The Shipping News by Annie Proulx
I rediscovered this wonderful book during my recent holiday. This is the story of Quoyle, a hapless, large overweight man with two daughters from a failed marriage with an unfaithful wife who died in a car crash. It tells of his move back to his root in Newfoundland and his attempts to reintegrate himself into the society of his ancestral home, Killick-Claw. He has an on-off affair with a widow, Wavie Prowse, who has a handicapped son. Quoyle finds a job on the local paper, the Gammy Bird, and is responsible for reporting the movement of ships in and out of the harbour, hence the book’s title.
A quoyle is a spiral coil made of one layer only and laid on the deck of a ship so it can be walked over easily if necessary – an apt description of Proulx’s (anti)-hero. Each chapter starts with a description of a knot or some other maritime term and these form the source for her imagery, each knot or term foreshadowing the events of the chapter.
Proulx’s characterisation is superb – she has a penchant for characters who are down on their luck or have eccentricities. The story has moments of high pathos and rich comedy – the storm and its consequences and the funeral being particular highlights. Although it has its dark moments the book is eventually a triumph of hope over adversity.
Proulx’s style is characterised by short sentences with minimal regard to grammatical conventions. It is difficult to get used to but has the effect of moving the book along with pace.
A wonderful book and I am glad I took the opportunity to revisit it.
Thirteen down, thirty three to go, thirty seven points to find.
Portsmouth 3 TMS 1
To Fratton Park for TMS’ first game against Pompey in 23 years (lost 2-0 in Jan 1989) to see TMS extend their miserable record there to played 10 lot 10. At least they scored yesterday, Morgan joining Mal Starkey (1961) and Steve Cross (1983) as the only TMS players to have scored there..
An unchanged TMS started brightly and were the better team in the first half, Parry missing a marvellous opportunity blazing wide when it seemed easier to score.
In the second half one or two players seemed below par – sleeping tablets rather than caffeine pills? – and rather like the Notts County game away the match came to life in a frenetic six minute period around the hour mark. First Portsmouth capitalised on a blunder by Hector to take the lead through Thomas and then shortly afterwards McLoed chipped Weale to put Pompey two up. Almost immediately Morgan pulled one back following up on a rebound but almost immediately blotted his copybook (and compounded TMS’ problems) by getting into a dispute with the ref which earned him hi marching orders.
TMS huffed and puffed and tried to get back into the match but to no avail and to make matters worse were hit at the death by a McLoed breakaway, TMS didn’t play badly and for times were much the better team. However, in Thomas and McLoed Pompey had players who knew how to convert their chances.
TMS need to get back on track with their next two games – home to Yeovil and Colchester – looking increasingly more important.
Proponents of the legalisation of pot have long stressed its medicinal benefits. I came across a strange twist on this claim today in a report of the trial of Michael Foster, aged 62, and Susan Cooper, 63. The couple were convicted and jailed for three years each for growing cannabis on their farm in Lincolnshire. Police discovered £20,000 worth of cannabis in a carrier bag and 159 plants. Their annual electricity bill had increased by £2,000 due, they claimed, to their pottery business which involved the use of a kiln.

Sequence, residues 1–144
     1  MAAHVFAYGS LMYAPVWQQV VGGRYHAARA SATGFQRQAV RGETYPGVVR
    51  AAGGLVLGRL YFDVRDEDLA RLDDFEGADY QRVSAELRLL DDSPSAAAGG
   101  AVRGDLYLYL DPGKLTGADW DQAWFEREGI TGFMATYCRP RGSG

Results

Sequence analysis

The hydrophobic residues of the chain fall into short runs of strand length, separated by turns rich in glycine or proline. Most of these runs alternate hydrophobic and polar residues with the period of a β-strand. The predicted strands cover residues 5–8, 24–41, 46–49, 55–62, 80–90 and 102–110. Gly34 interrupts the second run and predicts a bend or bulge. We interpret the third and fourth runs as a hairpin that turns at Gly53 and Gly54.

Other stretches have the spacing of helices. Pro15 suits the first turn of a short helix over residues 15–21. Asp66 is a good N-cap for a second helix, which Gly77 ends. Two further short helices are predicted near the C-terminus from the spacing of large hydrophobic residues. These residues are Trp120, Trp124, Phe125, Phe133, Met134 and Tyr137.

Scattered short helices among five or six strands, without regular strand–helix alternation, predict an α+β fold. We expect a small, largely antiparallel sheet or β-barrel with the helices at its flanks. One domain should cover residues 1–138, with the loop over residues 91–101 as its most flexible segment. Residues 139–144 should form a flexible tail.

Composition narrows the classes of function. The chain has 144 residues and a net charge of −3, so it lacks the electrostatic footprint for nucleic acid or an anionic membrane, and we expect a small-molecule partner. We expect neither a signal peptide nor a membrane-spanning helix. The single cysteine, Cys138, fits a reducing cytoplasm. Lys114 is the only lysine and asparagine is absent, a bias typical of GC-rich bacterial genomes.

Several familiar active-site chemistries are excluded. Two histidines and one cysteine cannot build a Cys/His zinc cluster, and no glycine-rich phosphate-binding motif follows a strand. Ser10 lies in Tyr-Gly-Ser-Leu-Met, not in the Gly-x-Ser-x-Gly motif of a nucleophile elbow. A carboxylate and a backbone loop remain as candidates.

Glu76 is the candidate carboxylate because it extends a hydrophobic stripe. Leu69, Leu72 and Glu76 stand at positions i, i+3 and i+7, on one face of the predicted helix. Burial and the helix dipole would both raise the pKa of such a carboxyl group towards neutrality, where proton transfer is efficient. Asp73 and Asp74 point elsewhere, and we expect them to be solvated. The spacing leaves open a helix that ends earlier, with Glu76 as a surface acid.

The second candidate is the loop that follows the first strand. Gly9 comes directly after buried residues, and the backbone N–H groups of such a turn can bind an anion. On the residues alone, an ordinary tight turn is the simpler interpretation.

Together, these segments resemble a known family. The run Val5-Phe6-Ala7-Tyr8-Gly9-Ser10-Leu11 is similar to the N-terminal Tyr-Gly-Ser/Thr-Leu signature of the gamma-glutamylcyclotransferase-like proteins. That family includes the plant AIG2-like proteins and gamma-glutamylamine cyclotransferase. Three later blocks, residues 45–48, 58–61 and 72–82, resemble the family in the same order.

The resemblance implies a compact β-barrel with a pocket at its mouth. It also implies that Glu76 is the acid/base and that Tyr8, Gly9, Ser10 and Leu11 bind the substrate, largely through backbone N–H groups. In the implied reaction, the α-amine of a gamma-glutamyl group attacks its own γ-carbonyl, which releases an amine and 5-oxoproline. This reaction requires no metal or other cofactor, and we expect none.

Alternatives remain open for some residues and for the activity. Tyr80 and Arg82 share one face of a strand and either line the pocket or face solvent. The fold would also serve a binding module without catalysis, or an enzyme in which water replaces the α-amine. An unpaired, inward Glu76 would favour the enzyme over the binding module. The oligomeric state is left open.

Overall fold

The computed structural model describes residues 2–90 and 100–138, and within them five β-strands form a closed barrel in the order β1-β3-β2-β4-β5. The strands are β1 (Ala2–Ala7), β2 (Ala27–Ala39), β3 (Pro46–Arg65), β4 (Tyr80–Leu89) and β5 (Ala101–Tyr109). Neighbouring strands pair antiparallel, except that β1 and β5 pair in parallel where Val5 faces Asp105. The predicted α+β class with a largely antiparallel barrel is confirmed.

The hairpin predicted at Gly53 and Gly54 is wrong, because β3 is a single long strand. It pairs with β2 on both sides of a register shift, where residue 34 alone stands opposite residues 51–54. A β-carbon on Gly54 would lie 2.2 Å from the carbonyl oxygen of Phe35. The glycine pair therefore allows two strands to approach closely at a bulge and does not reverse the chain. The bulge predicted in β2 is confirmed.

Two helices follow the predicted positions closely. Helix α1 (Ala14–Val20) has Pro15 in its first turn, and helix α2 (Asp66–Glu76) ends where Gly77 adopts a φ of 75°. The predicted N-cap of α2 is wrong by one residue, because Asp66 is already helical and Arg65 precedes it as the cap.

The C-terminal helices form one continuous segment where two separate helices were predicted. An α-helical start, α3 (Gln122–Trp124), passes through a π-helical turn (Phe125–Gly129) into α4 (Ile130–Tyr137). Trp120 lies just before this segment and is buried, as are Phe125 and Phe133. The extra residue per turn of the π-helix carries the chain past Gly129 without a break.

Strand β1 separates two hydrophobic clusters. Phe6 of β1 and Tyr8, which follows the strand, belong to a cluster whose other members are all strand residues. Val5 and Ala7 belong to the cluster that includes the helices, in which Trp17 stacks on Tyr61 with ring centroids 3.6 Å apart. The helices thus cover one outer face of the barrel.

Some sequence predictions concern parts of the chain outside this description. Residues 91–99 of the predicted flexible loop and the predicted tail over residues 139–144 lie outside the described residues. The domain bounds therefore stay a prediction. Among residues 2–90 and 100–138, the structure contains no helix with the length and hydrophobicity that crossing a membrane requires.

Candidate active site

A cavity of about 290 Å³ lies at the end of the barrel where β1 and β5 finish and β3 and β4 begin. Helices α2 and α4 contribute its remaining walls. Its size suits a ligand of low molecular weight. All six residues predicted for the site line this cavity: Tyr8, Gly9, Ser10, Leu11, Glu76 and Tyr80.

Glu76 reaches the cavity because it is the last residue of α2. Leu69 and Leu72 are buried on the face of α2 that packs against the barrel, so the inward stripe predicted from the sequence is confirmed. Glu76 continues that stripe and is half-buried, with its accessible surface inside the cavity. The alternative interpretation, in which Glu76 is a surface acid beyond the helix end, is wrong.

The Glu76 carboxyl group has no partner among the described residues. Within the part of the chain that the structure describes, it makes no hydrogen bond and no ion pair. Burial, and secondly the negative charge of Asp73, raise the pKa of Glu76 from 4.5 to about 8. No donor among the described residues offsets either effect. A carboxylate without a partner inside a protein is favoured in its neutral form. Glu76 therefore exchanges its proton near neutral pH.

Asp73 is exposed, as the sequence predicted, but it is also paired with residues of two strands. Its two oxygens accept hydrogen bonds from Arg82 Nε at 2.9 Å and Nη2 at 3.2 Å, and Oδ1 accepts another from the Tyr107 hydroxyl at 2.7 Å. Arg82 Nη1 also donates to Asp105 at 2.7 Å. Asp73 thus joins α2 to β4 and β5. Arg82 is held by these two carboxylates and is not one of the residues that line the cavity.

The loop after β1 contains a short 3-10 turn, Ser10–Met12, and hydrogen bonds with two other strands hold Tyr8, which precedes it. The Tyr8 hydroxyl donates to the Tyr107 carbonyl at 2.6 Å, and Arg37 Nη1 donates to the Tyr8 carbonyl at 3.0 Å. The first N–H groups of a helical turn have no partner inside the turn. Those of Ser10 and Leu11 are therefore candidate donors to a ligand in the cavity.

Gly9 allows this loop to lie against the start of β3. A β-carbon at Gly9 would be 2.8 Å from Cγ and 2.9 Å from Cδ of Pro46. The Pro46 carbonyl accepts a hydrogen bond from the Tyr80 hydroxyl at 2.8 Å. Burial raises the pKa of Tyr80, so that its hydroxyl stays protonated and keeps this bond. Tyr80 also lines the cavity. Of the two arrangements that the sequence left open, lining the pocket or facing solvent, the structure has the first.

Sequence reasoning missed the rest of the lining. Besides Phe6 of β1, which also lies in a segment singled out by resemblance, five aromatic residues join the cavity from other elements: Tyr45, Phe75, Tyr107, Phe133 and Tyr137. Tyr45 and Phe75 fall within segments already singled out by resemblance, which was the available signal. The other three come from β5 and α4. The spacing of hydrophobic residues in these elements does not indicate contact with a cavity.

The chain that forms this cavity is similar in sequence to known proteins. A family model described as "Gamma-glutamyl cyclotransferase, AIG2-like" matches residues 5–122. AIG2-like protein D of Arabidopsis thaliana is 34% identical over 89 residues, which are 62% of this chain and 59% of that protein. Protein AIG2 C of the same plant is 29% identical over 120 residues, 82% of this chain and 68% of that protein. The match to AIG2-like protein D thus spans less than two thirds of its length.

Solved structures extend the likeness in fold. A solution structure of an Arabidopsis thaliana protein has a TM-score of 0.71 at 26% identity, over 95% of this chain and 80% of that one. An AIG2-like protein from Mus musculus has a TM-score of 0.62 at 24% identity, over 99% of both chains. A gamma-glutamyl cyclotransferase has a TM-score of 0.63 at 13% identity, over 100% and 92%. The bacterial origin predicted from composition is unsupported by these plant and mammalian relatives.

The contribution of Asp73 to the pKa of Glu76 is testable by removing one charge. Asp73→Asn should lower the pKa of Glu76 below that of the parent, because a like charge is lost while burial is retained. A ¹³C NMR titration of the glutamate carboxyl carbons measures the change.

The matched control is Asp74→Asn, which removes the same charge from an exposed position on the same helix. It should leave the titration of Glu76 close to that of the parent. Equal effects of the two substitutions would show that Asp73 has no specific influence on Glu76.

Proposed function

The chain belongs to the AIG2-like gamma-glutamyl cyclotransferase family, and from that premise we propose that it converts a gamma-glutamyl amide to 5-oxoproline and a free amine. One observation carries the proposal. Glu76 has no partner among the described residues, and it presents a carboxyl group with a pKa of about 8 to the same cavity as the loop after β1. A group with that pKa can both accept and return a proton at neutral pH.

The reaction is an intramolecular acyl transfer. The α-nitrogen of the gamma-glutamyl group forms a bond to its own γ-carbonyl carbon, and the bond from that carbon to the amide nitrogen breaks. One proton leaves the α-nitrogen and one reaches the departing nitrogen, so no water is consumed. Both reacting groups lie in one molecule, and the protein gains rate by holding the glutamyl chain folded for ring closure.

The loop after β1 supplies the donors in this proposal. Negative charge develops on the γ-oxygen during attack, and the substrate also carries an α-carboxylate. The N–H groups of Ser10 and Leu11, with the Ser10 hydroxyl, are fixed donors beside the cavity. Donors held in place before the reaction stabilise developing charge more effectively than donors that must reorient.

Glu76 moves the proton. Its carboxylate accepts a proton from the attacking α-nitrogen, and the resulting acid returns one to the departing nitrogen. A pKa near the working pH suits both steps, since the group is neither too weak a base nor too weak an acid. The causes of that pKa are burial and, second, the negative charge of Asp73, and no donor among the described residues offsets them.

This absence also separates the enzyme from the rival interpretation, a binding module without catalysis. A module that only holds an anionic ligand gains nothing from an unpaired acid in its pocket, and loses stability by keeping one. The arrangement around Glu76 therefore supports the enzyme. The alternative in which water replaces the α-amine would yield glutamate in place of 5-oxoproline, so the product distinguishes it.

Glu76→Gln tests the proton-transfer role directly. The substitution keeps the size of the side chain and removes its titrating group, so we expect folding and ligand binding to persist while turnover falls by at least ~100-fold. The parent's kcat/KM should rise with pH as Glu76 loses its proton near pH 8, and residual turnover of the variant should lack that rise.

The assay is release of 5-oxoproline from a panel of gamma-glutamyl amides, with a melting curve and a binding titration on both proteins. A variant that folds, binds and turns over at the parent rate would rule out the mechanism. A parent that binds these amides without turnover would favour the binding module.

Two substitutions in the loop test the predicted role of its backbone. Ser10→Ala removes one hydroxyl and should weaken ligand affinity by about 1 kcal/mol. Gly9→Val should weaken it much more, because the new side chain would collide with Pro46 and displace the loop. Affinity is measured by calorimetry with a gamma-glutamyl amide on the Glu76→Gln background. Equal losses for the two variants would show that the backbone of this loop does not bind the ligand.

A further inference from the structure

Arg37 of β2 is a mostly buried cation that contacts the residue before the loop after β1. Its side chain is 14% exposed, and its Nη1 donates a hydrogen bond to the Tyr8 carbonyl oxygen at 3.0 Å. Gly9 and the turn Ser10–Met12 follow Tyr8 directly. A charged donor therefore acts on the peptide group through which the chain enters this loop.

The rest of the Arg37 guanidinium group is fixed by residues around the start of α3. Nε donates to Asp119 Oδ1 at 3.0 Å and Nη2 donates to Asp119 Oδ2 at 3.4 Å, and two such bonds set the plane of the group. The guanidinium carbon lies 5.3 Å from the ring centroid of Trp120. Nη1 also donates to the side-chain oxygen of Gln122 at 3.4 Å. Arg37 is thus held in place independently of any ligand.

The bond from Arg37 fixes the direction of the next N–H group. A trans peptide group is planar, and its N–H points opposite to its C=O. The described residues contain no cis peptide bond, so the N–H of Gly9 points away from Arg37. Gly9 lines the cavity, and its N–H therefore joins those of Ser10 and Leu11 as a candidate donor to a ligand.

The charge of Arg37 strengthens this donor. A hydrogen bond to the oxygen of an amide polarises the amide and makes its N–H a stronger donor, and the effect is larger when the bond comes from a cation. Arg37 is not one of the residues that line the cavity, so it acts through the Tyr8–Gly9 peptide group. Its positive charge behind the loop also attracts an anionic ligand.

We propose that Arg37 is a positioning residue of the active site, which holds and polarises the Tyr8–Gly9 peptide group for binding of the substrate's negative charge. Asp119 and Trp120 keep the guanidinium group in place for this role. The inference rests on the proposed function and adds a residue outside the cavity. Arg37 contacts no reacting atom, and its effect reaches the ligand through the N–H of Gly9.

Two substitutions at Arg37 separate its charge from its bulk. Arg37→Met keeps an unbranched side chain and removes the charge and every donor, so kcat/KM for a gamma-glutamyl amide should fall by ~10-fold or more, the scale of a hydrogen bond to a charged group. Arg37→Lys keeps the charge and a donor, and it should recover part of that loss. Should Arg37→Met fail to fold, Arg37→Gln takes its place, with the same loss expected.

Part of their defence was that a large part of the profits from their illicit activities was spent on philanthropic acts such as paying for life-saving surgery for a villager near Mombasa in Kenya, for computer equipment for a Kenyan eye hospital and for the education of children. The couple frequently travelled down to East Africa. However, the beak wouldn’t have anything of it and sent them down.
The discovery was made when an officer of the law was chasing a burglar and recognised the distinctive smell, presumably not of the foot odour coming off the miscreant’s footwear. It was not reported whether the burglar was ever apprehended.
Gardening has long been described as the new rock and roll and perhaps some of the baby boomer generation are taking this analogy too literally. I know for sure that when TOWT next drags me to the local gardening centre, I will pay particular attention to the pot plants section.
When you get to my age you begin to feel the cold wind of mortality blow – bits start packing up, you feel unusual aches and pains and you can’t quite do what you used to. For some people there is no better time than when you still have your marbles to start planning your funeral. After all, the Egyptian pharoahs and other ancient potentates spent the greater part of their mortal lives planning for their ultimate demise. I suppose it seems worth the investment if you are convinced that you are going to be heading off to an eternal after life.
For those of us who are less optimistic or suspect that with our luck we will be going on the down escalator, the minutiae of the funeral service is our only opportunity for a bit of sport. ‘Elf and safety has put an end to going out with a bang – no longer can you look forward to being cooked with a couple of bangers tucked inside your best whistle or being cremated with pacemaker still attached. I’ve always fancied mummification myself but TOWT has never been too impressed.